Race Day Planning, Part 2: The Pre-Mortem

Triathlete running out of the transition area
June 26, 2019

Will Murray



Everyone knows what a post-mortem is: examining a corpse to determine the cause of death. Gruesome, I know, but there is another kind of –mortem that can help you execute your races better. It’s the pre­-mortem. It's a proactive, pre-emptive exercise to help you build confidence and race successfully. The pre-mortem examines potential causes of failure before­ your race so you can plan for and address them before they happen. And avoid having many happen at all.

You already do post-mortems on your races, even your really good ones. “Oh, I had trouble getting out of my wetsuit, and that cost me an extra minute in transition.” “I dropped a bottle at the second bike aid station, and that threw me off my nutrition and hydration plan.” “All those rolling hills on the bike, I couldn’t help myself and powered over them, and the second half of my run was a horror show.” Post-mortems are all those little bits of evaluation that we all do after our races. “Ack, I was 20 seconds back from my PR, and I can see I left those 20 seconds in transition when I ran out without my race belt and had to go back for it. Sheesh.”

But what if you did this analysis before your race, to identify how to execute your race better and where to find those precious minutes and seconds?

Here’s where the pre-mortem comes in, and here's how to conduct one.

Step 1. Take out your written race plan (you do create a written race plan before your race, don’t you?). Review the steps of your race.

Step 2.  In your mind, transport yourself to beyond the finish line and answer this question: “What went wrong with my race today that cost me time?” Write down the list of things that come to mind.

Step 3.  Identify actions you will take to avoid or address the items in your list from Step 2. You may avoid some of these things by, for example, getting to the race venue early. You may address some of these items by learning how to repair your flat tire quickly.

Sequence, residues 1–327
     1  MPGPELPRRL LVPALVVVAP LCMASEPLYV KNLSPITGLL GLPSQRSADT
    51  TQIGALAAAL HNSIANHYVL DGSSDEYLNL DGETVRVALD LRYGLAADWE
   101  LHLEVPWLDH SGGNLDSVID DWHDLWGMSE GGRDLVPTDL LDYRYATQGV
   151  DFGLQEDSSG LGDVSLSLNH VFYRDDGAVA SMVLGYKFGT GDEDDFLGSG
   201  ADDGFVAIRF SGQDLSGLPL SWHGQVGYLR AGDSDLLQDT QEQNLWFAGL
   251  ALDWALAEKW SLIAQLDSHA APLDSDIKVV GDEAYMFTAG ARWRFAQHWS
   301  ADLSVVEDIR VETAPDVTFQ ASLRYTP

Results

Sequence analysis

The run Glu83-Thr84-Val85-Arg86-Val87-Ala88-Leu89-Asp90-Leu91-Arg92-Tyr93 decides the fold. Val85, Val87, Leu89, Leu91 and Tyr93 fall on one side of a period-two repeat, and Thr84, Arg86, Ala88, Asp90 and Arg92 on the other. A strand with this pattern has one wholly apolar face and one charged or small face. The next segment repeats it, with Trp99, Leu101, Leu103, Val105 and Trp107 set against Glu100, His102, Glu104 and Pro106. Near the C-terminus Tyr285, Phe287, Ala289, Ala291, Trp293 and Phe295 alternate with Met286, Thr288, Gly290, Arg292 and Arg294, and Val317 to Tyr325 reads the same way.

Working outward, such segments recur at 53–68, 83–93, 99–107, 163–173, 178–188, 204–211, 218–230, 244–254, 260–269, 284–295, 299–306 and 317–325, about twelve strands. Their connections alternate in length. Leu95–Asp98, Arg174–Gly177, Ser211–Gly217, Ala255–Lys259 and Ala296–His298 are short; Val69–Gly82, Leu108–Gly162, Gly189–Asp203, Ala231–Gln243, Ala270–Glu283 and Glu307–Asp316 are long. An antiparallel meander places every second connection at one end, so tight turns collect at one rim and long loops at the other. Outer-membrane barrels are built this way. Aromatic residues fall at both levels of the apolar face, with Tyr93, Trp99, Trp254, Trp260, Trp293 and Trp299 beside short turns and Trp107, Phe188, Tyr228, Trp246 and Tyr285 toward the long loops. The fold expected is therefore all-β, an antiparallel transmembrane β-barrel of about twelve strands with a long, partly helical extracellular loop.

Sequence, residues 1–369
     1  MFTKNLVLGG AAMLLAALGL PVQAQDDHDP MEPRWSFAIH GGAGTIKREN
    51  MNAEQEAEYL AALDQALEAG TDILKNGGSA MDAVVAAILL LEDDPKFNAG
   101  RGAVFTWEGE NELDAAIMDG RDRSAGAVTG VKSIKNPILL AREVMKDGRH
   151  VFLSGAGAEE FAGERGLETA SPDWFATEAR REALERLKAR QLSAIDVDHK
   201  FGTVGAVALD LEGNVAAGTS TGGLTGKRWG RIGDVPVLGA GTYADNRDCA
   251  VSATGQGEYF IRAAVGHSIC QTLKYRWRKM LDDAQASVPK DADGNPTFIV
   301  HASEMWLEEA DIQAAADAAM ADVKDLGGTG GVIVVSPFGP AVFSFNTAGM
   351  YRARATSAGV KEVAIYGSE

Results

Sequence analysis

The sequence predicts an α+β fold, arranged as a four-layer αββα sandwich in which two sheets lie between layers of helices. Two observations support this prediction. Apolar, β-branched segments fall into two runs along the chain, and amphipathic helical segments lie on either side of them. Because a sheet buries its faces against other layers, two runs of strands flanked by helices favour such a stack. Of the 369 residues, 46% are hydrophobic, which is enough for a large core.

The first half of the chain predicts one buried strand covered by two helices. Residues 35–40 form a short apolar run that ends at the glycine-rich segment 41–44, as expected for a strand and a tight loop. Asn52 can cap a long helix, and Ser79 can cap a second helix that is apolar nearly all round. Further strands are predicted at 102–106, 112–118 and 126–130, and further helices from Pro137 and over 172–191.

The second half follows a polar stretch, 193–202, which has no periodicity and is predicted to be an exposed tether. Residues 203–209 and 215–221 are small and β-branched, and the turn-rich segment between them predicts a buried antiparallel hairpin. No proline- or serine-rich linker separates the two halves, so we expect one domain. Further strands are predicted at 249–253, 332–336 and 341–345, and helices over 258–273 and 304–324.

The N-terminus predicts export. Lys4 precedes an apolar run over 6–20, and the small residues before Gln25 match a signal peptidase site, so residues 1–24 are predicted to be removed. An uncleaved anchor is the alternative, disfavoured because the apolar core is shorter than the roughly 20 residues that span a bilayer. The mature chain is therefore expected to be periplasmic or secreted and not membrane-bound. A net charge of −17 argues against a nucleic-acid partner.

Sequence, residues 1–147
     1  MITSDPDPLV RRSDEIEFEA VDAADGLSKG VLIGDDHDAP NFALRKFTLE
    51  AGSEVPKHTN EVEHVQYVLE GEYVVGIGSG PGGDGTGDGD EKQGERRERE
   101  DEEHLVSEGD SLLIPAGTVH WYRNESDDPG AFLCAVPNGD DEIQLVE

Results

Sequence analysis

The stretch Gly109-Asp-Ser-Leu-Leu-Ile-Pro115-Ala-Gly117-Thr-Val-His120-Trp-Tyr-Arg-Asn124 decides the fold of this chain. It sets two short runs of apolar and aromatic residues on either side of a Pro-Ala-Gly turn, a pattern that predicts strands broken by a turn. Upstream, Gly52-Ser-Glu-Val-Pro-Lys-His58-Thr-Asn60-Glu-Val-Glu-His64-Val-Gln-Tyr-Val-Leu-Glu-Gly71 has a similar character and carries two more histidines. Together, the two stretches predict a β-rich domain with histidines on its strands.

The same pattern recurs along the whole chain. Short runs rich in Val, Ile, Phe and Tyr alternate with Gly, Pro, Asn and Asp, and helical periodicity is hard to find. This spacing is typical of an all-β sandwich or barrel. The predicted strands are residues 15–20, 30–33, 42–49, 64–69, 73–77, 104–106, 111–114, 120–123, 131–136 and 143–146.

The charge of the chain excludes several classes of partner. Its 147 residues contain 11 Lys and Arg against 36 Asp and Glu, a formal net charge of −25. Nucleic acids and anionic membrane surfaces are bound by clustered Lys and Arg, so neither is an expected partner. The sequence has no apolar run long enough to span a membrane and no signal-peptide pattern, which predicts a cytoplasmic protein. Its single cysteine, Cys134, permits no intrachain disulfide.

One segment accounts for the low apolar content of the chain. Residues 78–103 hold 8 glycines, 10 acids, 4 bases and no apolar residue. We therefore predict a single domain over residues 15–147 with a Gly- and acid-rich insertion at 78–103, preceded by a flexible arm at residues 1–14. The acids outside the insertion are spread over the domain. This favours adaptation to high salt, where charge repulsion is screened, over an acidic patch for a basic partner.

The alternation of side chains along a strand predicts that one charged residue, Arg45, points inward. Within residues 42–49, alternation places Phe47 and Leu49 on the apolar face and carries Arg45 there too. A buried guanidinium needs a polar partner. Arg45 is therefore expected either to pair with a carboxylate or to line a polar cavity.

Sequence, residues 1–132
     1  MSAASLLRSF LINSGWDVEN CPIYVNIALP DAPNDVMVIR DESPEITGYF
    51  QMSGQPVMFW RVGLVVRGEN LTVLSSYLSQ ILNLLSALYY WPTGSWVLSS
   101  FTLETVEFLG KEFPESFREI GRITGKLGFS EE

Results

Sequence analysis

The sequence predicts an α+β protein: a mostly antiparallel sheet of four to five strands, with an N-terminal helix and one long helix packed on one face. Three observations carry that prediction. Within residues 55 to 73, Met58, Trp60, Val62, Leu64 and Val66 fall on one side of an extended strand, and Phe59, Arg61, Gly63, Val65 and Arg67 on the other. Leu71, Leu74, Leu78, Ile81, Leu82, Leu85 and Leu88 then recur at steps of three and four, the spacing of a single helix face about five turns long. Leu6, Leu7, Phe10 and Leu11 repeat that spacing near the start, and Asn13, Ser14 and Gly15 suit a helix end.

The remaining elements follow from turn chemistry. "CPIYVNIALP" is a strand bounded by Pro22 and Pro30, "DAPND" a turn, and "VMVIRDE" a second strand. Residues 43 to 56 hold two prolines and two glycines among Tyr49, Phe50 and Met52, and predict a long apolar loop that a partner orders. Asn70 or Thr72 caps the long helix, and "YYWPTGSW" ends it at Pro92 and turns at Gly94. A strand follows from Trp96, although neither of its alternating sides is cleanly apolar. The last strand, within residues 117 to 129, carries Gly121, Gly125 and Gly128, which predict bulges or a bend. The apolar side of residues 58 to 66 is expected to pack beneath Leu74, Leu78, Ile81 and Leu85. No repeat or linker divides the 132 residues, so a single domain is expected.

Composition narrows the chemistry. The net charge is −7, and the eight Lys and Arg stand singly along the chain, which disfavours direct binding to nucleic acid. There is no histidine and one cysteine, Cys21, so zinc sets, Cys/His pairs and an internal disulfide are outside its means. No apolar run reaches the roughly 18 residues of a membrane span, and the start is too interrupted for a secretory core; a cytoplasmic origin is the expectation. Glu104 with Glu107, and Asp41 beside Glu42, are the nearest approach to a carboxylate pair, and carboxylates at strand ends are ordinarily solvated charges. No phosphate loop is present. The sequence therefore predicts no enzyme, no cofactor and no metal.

Step 4. Reinforcing a concept from Race Day Planning Part 1, in your mind run a full-color movie (in 30-45 seconds) of your race going perfectly, having addressed all the items in Step 2.

Step 5. Also from Part 1, in your mind run another full-color movie (in 30-45 seconds) of your race going perfectly, having avoided the items in Step 2, since they never occurred at all. Follow up with a five-second version of this perfect movie.

That’s it.

At some point, we’ve all wished that we had done things differently during a race. You can avoid the regret and remorse by identifying before your race those things you will be sorry for after your race, making corrections and rehearsing your race in advance.

Will Murray is our Team’s go-to Mental Skills Performance Coach. He works with beginners to Olympians helping them use their heads to do more than just hold their hats! He is a USA Triathlon Certified Coach and holds a Practitioner’s Certificate and more than 100 hours of advanced training in Neuro-Linguistic Programming.

This article was originally published with USAT on January 16th, 2019 and with Will’s permission, we are sharing it with D3 athletes here.

Mental Skills Performance Coach Will Murray often hears triathletes saying that the sport is at least 50% mental and 50% physical, but he has come to notice that athletes spend very little (if any) time doing mental training. Fortunately, it’s easy and fast to train-up your mind to help you achieve your triathlon goals. He’s been lucky enough to bring mental conditioning techniques to first-time athletes and Olympians, kids and seniors, triathletes who want to finish the race, and those who are gunning to win.

Will is a USAT Certified Coach, holds a practitioner’s certificate and more than 100 hours of advanced training in Neuro-Linguistic Programming, a certified administrator of the Reconsolidation of Traumatic Memories Protocol. Will is co-author, with Craig Howie, of The Four Pillars of Triathlon:  Vital Mental Skills for Endurance Athletes and Uncle: The Definitive Guide for Becoming the World’s Best Aunt or Uncle.

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